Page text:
Baxter Recalls All Heparin, as Reports of Reactions, Deaths Increase

Baxter <"">Heparin, implicated in hundreds of life-threatening reaction in the US, is now subject to a full-scale recall.   The massive Baxter Heparin recall was announced yesterday, the same day the Food & Drug Administration (FDA) said it completed an inspection of a Chinese plant that supplies raw ingredients for Baxter Heparin. Despite finding problems during that inspection, the FDA still has not determine what is responsible for the tainted Baxter Heparin.

Baxter International recalled 9 lots of its Heparin in January, following reports of 100 allergy type reactions in patients who had received the drug.  According to the Baxter Heparin recall notice sent out at the time, a variety of reactions were been reported in relation to the recalled Heparin, including abdominal pain, decreased blood pressure, burning sensation, chest pain, diarrhea, dizziness, drug ineffectiveness, dyspepsia, dyspnea, erythema, flushing, headache, hyperhidrosis, hypoesthesia, hypotension, lacrimation increased, loss of consciousness, malaise, nausea, pallor, palpitations, paresthesia, paresthesia (oral), pharyngeal edema, restlessness, vomiting/retching, stomach discomfort, tachycardia, thirst, trismus, and unresponsiveness to stimuli.  Since the January recall, Baxter Heparin has been implicated in more than 400 reactions, including four deaths.

Following the January Baxter Heparin recall, the company had suspended making Heparin and the FDA warned doctors to avoid using the Baxter drug.  Baxter said yesterday that it had waited to issue the full-scale Heparin recall because the company wanted to avoid causing a Heparin shortage.  Heparin is a vital drug used in surgery, dialysis, and for the bedridden.  Other drugs thin blood, but their effects are not as quick or easily reversed.  Baxter manufactures about half of all multiple-dose heparin vials sold in the U.S. The company said that because other manufacturers had been able to step in and increase the supply of the drug, it was now going ahead with a full-scale Heparin recall.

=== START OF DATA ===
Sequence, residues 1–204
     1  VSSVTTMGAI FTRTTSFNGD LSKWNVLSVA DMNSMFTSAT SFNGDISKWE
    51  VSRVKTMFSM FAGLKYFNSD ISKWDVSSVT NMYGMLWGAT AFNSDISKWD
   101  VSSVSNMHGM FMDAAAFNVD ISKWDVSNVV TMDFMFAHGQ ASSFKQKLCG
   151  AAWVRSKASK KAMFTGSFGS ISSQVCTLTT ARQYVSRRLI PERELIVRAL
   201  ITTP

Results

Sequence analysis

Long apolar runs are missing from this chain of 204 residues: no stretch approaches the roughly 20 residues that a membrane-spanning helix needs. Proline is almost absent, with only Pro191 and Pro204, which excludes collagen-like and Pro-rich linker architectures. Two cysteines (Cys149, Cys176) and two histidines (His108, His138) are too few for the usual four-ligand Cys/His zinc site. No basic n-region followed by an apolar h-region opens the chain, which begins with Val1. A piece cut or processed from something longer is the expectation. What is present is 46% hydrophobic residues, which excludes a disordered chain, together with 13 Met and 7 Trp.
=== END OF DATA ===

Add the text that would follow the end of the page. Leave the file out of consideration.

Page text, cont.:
Meanwhile, the FDA has finished its inspection of the Chinese plant that had made a raw ingredient for Baxter Heparin.  The FDA said it had found “irregularities” at that plant, but had not determined if they were responsible for the tainted Heparin.  The agency also said it was also investigating two Chinese wholesalers that supplied crude Heparin to the Chinese plant, as well as those that sold raw ingredients to the wholesalers.

Among the potential problems the FDA found during the inspection of the Chinese Heparin plant was a failure to properly follow the steps for identifying impurities and deficiencies related to manufacturing equipment. According to a redacted inspection report released by the agency, the plant appeared to have made at least some Heparin with “material from an unacceptable workshop vendor.”  According to the New York Times, Scientific Protein Laboratories, a Wisconsin company that is the majority owner of the Chinese plant, issued a statement Thursday saying the FDA’s finding did not represent its final determination as to whether the plant complied with federal regulatory rules.

Following the first Baxter Heparin recall in January, the  FDA revealed that it had never inspected the Chinese plant before the factory began shipping the Heparin ingredient to Baxter in 2004, a clear violation of US policy. China’s drug agency also did not inspect the plant.

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